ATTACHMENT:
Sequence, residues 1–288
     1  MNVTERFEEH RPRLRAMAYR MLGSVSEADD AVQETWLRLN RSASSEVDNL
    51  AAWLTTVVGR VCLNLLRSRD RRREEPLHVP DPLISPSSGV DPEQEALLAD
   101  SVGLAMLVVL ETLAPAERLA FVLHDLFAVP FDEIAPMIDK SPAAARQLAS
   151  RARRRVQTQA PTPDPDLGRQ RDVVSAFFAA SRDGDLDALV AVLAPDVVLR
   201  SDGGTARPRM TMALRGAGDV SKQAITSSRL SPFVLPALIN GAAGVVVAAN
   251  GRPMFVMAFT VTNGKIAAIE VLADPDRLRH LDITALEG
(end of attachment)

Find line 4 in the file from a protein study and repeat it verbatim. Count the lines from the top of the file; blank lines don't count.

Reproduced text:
   101  SVGLAMLVVL ETLAPAERLA FVLHDLFAVP FDEIAPMIDK SPAAARQLAS